I had a similar issue when my then-new spouse refused to let my cats sleep in our bed (as they had done in my single days). My solution: I gave the cats a lovely bedroom of their own, with all of the necessary comforts and conveniences. Each night, after putting the cats to “bed” I closed the door to that room. They may have tried to seek my company at some point during the nights, but their bedroom was far enough away from ours so that I was unaware of it.

  4. Kaveh Says:

    I don’t know much about cat behavior, but until you find a solution, maybe fasten some thick padding (like foam) on the outside of your bedroom door, something that he won’t scratch, or at least it would make it inaudible, and maybe even the whomp would get softer! Then Ferberize away!

  5. Susan Says:

    Our solution is earplugs for the light sleeper who is disturbed by the insistent cat. The sleeps-like-the-dead one (me) doesn’t hear Percy when he pounds on the door. A little padding on the side of the door so that it doesn’t rattle also helps. Good luck.

  6. Carolyn Said Says:

    Our cats do this too. One day a friend gave us a birthday balloon – one of those mylar helium jobbies that bob a little bit in even the non-breezy indoors. We noticed the cats watching it with looks of terror and then running frantically out of the room. (Of course, our cats are giant scaredy-cats.) So if they give us too many 3 am wake-up calls, we get a balloon and tie it to our door knob. Like a scarecrow, but it’s a scarekitty.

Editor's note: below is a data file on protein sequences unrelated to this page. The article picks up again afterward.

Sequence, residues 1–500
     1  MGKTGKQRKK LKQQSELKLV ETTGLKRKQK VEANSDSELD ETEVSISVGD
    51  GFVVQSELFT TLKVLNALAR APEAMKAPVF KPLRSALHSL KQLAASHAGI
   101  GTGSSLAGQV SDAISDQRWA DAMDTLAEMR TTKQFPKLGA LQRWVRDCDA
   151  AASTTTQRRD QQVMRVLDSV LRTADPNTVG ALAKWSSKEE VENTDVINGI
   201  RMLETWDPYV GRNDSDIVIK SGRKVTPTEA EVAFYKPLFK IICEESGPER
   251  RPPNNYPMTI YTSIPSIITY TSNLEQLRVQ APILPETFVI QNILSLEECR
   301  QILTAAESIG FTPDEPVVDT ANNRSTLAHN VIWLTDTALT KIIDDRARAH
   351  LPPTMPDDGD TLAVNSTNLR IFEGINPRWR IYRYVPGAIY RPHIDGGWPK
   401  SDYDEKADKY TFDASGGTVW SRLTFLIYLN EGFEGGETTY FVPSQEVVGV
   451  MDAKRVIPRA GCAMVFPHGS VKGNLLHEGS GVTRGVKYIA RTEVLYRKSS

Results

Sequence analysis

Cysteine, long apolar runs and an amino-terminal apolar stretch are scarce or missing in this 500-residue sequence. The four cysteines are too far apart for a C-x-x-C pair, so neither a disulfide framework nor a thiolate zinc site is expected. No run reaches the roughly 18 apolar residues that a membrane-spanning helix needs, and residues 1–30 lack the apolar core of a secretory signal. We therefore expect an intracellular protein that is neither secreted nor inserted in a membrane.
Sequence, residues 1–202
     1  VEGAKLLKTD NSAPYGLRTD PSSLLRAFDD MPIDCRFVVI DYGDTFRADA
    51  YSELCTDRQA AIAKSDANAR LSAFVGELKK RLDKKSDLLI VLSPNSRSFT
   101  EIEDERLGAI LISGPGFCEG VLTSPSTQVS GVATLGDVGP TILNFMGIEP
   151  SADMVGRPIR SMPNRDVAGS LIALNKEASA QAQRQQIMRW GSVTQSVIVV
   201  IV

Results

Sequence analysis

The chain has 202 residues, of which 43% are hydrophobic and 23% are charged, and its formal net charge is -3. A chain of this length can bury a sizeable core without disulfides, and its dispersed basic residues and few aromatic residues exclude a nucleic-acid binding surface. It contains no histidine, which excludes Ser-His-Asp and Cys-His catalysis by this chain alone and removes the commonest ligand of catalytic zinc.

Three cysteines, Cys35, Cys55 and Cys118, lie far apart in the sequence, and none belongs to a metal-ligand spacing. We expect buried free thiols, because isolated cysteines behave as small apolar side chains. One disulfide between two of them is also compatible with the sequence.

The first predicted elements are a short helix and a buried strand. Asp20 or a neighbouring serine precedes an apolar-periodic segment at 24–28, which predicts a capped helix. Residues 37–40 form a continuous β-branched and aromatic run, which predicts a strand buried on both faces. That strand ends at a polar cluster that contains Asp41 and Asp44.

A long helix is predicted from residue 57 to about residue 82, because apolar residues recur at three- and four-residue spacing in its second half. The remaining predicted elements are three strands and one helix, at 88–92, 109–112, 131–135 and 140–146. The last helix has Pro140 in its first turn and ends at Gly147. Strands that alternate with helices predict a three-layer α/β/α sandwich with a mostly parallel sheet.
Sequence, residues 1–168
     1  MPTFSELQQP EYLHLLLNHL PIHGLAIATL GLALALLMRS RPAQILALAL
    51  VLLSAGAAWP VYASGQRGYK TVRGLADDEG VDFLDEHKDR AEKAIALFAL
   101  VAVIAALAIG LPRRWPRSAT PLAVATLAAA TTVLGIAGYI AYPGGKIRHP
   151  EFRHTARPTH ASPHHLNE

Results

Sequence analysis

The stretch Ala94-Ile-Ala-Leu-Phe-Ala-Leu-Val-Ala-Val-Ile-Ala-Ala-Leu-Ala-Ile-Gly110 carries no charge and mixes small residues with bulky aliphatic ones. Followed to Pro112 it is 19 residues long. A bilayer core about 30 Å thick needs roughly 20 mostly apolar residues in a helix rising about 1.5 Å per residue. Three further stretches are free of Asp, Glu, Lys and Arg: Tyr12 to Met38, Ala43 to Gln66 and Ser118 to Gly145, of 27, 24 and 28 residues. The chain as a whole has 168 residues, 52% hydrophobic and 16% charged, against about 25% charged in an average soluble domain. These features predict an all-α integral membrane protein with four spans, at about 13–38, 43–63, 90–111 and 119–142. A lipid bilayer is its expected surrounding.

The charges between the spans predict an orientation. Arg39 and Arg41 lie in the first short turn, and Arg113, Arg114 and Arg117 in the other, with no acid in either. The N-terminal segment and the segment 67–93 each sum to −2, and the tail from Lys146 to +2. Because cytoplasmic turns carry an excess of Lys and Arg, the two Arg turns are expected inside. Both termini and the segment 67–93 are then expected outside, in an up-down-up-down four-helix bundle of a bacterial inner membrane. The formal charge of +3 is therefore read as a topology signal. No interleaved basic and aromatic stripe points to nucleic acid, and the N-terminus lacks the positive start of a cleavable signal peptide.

7. Janice Dean Says:

    I have had similar problems as an adult and also with my cats growing up, and tried some of the strategies above with varied success. I think Carolyn’s balloon suggestion is clever–my cats are also terrified of balloons, but I think that if you just leave a balloon outside all the time the cat will become habituated to it; I, personally, wouldn’t want to get up to tie a balloon on the doorknob, but maybe you would. The advice I would give you is to *not* get up when the cat starts making noise at the door. You can’t even get up and move around the bedroom because the cat will know you’re up. On the, now thankfully rare, occasions when my cats still scratch at the bedroom door early in the morning, Danny and I just lie in bed quietly and hope to fall back asleep. Laying quietly doesn’t let the cats know we’re awake, so we are not rewarding the scratching behavior, which means they don’t keep doing it day after day. Regardless, I hope you can find a solution that works well and soon!

    • Janice Dean Says:

      P.S. Sorry for the two long comments recently. I guess I’ve been in Midlife Bat Mitzvah withdrawal. Also, your cat is beautiful!! :-)

      • Ilana DeBare Says:

        Janice, please don’t apologize! I love your comments and there can’t possibly be too many of them. I hope your knee is better and you are up and about.

  8. Lisa F. Says:

    Cats are social eaters — they like to wake you up so that you will be with them when they eat. I’ve found that providing food in or near (immediately outside) the bedroom helps them feel like they are close enough that they don’t wake me up any more.